A first-class tale of British angst, Remains of the Day stars Emma Thompson as veteran housekeeper Miss Kenton and Anthony Hopkins as the fanatically devoted butler, Mr. Stevens. The film centers around the lives of these two capable servants and their great love-affair-that-should-have-been. Throughout the film, Stevens and Miss Kenton maintain a powerful attraction towards each other that is never acted on. Both servants are entirely devoted to their master, Lord Darlington, at the expense of any sort of personal lives of their own. In one heartbreaking scene, Mr. Stevens goes so far as to ignore his dying father (who serves as an underbutler at Darlington Hall) in favor of managing the details of a massive dinner party going on in another part of the house. “My father would have wanted me to go about my work,” he tells a stunned Miss Kenton, who keeps watch at his father's side throughout the night.


Their self-sacrifice is made even more poignant because the two cannot even have the satisfaction of serving a good man. The film chronicles the political activities of German sympathizer Lord Darlington throughout the 1930s. His chronically misguided actions are instrumental in bringing about the disastrous appeasement between Britain and Germany that would later lead directly to World War Two. The exact nature of Lord Darlington's feelings is as ambiguous as those of Stevens and Kenton for each other. Darlington is a doting master to his servants who quickly falls under the spell of fascist dogma. 

This dichotomy is most noticeable in his interactions with two German maids. He is fascinated by them and frequently interrupts their work to practice German with them, but immediately demands that Stevens fire them after learning the girls are Jewish. Stevens, in a rare moment of rebellion, initially resists the order (while far from sentimental, he is capable of recognizing good workers when he sees them), but quickly backs down, his good intentions overrun by a lifetime of habitually deferring to his master.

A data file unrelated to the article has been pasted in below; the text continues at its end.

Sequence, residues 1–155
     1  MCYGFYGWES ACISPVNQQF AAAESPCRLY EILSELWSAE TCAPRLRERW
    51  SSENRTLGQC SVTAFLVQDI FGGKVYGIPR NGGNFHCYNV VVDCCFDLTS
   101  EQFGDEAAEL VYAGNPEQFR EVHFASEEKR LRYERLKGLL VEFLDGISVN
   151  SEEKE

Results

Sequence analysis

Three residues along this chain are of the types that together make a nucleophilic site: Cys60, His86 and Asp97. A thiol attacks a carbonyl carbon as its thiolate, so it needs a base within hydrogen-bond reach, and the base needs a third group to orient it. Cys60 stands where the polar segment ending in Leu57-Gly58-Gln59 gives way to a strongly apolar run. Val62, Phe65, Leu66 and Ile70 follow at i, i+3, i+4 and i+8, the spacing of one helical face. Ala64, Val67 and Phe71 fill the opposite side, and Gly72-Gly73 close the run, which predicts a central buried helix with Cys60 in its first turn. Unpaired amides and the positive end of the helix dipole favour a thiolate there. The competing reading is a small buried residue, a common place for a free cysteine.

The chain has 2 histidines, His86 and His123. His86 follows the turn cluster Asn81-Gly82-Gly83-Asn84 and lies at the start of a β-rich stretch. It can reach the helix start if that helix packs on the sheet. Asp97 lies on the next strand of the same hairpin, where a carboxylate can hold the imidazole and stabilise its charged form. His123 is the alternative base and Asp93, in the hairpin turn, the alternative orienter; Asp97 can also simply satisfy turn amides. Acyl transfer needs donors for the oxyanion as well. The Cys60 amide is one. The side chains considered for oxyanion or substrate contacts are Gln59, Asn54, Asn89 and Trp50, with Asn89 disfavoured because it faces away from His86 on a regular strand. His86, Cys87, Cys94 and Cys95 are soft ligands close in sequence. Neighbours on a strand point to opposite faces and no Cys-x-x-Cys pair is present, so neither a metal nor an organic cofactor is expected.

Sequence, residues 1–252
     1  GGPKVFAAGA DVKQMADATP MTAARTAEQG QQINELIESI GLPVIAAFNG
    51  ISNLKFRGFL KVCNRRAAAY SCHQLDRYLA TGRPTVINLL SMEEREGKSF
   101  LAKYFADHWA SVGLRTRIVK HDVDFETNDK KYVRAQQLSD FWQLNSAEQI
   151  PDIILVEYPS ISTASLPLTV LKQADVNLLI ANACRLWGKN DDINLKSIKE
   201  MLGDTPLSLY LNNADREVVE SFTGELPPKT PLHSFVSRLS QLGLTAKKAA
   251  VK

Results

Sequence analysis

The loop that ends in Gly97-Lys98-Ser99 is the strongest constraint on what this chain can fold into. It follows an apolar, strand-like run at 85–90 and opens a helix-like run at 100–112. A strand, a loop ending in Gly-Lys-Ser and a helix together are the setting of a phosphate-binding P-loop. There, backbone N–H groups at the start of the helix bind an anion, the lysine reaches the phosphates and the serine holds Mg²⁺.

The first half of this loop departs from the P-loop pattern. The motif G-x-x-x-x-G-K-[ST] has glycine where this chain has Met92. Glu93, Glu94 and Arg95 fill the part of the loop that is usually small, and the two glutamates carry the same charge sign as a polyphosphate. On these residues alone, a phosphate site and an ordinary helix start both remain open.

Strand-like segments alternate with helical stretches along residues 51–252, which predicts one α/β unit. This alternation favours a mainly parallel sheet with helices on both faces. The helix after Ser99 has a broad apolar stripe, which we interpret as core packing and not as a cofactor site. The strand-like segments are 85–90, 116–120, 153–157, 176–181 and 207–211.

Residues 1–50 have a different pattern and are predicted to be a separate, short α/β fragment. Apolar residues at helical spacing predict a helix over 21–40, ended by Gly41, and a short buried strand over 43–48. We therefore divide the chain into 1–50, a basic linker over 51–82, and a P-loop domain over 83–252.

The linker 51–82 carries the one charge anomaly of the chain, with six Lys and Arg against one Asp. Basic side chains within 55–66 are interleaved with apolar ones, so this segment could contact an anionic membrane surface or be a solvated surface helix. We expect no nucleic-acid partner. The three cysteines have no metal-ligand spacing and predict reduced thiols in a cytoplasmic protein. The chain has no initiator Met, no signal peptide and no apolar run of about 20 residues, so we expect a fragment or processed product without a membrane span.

Darlington eventually dies, heartbroken and alone, considered a traitor by the British public. In his later years, Stevens is so ashamed of his service to Lord Darlington that he denies even knowing the man.

This shame finally prompts Stevens to begin questioning his fanatical devotion to his profession and in one of the film's early scenes, Stevens asks for a few days off from his new employer, a relatively straightforward request that he never would have considered in his days under Lord Darlington. He uses the time to travel across England in order to reunite with Miss Kenton (now a divorcee) and ask her to re-enter service at his side. Their years together are told through long flashbacks, narrated through letters from Miss Kenton to Stevens, who re-reads them compulsively during the course of his journey. 

Heartbreakingly, the two do not manage to reunite permanently. Miss Kenton's former husband shows up at the most inopportune of moments to inform her that their daughter is expecting their first grandchild. Overwhelmed by the news, Miss Kenton once again eschews a life with the unreachable Stevens in favor of a chance at an emotional connection with her grandchild. 

The two do manage to get together for lunch, where they have a gut-wrenching dialogue in which they continue to dance around their around their feelings for each other. "No one needs me as much as he does," Miss Kenton says, about her husband. An  immediate close-up on Stevens' face shows that he begs to differ, but won't, largely because he doesn't know how. 

Remains of the Day probably won't appeal to hopeless romantics. Instead, it's a powerful statement on the ways in which repressed feelings can overshadow an entire lifetime and on the complex workings of inner lives and private desires.